Synapter2 and synergise2



Here we describe the new functionality implemented in synapter 2.0. Namely this vignette covers the utilisation of the new 3D grid search, the fragment matching, intensity modeling and correction of detector saturation.


The synapter2 workflow is similar to the old one in synapter1. First it is necessary to use PLGS to create the csv (and xml) files. Therefore we refer the reader to the default r Biocpkg("synapter") vignette, available online and with vignette("synapter", package = "synapter").

In contrast to the original workflow the final_fragment.csv file for the identification run and a Spectrum.xml file for the quantification run are needed if the fragment matching should be applied.

Subsequently the original workflow is enhanced by the new 3D grid search and the intensity modeling. Afterwards the fragment matching could be applied. r Biocpkg("MSnbase") [@Gatto2012] is used for further analysis. The new r Biocpkg("synapter") adds synapter/PLGS consensus filtering and the detector saturation correction for MSnSets.

New *synapter* workflow. Dark green boxes show the traditional *synapter1* part and the light green boxes highlight the new *synapter2* functionality.

Step-by-step workflow

Create a Synapter object

To demonstrate a typical step-by-step workflow we use example data that are available on There is also an synobj2 object in r Biocexptpkg("synapterdata") which contains the same data.

The Synapter constructor uses a named list of input files. Please note that we add identfragments (final_fragment.csv) and quantspectra (Spectrum.xml) because we want to apply the fragment matching later.

cat(readLines(system.file(file.path("scripts", "create_synobj2.R"),
                          package="synapterdata"), n=13), sep="\n")


The first steps in each r Biocpkg("synapter") analysis are filtering by peptide sequence, peptide length, ppm error and false positive rate.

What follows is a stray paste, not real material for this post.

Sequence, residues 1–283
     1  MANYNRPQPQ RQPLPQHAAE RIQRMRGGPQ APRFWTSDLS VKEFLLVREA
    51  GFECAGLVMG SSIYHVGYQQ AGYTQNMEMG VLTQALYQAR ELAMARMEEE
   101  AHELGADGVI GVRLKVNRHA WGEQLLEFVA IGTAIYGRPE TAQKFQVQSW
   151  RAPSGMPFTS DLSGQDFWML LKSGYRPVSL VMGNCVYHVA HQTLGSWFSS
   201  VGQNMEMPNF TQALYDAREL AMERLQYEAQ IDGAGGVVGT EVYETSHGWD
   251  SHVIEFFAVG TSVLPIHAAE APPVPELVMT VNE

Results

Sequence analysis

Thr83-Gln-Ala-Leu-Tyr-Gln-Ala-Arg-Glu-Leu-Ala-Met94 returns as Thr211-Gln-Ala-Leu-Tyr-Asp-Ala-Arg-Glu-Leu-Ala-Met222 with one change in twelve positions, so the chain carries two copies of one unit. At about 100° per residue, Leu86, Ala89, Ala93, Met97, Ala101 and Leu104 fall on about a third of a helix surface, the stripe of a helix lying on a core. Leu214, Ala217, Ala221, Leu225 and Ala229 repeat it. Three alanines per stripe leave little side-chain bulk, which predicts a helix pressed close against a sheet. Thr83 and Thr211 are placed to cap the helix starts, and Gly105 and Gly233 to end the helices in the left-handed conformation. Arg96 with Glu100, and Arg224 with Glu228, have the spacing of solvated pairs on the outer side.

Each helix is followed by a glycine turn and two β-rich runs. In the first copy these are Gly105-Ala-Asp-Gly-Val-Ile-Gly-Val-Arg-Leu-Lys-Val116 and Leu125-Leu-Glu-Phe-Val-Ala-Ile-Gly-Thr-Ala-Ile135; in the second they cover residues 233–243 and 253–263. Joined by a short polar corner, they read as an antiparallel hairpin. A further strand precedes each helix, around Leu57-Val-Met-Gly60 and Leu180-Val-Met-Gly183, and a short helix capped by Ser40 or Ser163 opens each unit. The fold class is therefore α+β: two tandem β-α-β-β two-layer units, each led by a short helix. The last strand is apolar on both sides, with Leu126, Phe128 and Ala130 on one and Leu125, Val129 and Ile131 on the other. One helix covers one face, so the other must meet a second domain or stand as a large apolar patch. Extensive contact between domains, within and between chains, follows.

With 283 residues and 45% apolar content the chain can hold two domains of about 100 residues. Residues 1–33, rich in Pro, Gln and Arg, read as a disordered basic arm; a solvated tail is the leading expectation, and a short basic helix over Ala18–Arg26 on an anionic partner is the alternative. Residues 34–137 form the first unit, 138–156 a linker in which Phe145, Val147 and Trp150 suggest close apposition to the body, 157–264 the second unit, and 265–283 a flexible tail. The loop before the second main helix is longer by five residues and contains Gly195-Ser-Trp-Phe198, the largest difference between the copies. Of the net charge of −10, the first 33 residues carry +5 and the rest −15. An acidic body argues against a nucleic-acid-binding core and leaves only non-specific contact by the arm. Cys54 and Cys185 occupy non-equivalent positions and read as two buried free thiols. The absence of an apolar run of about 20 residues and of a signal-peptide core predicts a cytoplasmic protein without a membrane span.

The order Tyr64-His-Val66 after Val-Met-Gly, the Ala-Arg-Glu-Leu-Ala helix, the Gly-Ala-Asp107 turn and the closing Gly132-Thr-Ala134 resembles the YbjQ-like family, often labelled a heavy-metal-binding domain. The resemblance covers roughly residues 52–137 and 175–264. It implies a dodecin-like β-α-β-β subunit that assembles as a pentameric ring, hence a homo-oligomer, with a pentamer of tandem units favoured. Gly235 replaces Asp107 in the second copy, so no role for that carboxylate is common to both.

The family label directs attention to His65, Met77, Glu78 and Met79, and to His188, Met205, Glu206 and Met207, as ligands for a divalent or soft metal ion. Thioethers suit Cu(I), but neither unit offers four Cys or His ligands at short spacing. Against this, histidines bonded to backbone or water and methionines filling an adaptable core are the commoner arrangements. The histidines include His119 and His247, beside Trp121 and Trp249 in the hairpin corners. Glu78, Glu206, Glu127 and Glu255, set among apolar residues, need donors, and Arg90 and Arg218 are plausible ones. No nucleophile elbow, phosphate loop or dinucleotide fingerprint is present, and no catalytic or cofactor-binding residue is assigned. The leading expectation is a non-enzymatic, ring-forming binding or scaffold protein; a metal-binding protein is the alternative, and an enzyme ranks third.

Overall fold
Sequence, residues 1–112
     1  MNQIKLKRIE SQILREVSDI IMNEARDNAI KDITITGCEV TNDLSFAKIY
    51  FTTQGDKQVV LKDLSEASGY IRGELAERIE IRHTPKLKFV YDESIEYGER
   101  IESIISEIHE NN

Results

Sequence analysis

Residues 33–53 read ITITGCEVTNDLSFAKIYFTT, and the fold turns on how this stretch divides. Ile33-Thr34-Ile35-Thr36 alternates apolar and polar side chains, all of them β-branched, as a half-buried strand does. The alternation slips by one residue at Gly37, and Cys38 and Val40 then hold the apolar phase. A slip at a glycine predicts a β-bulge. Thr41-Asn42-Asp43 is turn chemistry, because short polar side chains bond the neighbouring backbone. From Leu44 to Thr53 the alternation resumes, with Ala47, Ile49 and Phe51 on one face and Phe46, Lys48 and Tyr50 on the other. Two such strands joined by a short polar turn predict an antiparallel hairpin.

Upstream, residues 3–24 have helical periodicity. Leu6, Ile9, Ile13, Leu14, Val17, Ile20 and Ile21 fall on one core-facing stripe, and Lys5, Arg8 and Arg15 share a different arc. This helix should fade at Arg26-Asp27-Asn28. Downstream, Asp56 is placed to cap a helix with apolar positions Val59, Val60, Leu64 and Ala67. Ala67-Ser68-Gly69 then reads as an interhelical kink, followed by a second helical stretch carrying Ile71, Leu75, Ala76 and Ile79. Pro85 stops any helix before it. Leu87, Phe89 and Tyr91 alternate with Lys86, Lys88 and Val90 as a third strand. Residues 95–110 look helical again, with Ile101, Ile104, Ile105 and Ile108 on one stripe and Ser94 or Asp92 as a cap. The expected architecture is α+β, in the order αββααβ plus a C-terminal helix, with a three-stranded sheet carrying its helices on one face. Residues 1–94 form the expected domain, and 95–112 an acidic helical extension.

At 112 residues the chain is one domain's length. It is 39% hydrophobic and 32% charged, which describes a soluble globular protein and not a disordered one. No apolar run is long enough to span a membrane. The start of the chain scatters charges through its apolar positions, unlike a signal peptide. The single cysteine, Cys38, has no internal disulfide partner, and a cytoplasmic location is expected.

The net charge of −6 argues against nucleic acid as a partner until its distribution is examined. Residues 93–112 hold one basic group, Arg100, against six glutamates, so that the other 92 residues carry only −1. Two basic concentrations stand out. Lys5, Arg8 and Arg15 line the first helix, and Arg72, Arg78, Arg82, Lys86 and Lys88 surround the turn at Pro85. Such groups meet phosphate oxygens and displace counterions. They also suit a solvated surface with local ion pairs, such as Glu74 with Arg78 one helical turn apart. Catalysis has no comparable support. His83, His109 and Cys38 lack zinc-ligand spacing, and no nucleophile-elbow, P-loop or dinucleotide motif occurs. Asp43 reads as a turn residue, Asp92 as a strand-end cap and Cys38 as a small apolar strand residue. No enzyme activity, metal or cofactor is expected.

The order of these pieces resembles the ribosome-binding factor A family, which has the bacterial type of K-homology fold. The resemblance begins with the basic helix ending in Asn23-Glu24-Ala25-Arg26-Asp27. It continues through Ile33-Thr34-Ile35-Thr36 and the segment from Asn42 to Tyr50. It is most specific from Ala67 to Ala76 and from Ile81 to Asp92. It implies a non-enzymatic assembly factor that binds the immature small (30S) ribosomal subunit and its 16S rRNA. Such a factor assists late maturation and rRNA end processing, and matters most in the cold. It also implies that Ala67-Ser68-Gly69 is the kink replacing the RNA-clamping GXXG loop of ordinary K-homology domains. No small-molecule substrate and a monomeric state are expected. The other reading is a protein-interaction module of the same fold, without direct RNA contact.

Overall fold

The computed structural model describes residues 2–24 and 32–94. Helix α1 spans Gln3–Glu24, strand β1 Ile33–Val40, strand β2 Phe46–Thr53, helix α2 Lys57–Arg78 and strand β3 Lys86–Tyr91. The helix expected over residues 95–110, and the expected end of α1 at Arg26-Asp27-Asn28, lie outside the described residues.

Here we use the default values for each method. But the accompanying plotting methods should be used to find the best threshold:

filterPeptideLength(synobj2, l=7)
filterQuantPepScore(synobj2, method="BH",
filterIdentPepScore(synobj2, method="BH",
par(mfcol=c(1, 2))
plotPpmError(synobj2, what="Ident")
plotPpmError(synobj2, what="Quant")
par(mfcol=c(1, 1))
filterQuantPpmError(synobj2, ppm=20)
filterIdentPpmError(synobj2, ppm=20)
filterIdentProtFpr(synobj2, fpr=0.05)
filterQuantProtFpr(synobj2, fpr=0.05)

Modeling retention time

Next we merge the identified peptides from the identification run and quantification run and build a LOWESS based retention time model to remove systematic shifts in the retention times. Here we use the default values but as stated above the plotting methods should be used to find sensible thresholds.


plotRt(synobj2, what="data")
setLowessSpan(synobj2, span=0.05)

par(mfcol=c(1, 2))
plotRt(synobj2, what="model", nsd=1)
par(mfcol=c(1, 1))

plotFeatures(synobj2, what="all", ionmobility=TRUE)

Grid search{#gridsearch}

To find EMRTS (exact m/z-retention time pairs) we try are running a grid search to find the best retention time tolerance and m/z tolerance that results in the most correct one-to-one matching in the merged (already identified) data. If the identification and quantitation run are HDMS$^E$ data we could use the new 3D grid search that looks for the best matching in the retention time, m/z and ion mobility (drift time) domain to increase the accuracy. If one or both datasets are MS$^E$ data it falls back to the traditional 2D grid search.

           imdiffs=seq(from=0.6, to=1.6, by=0.2),
           ppms=seq(from=2, to=20, by=2),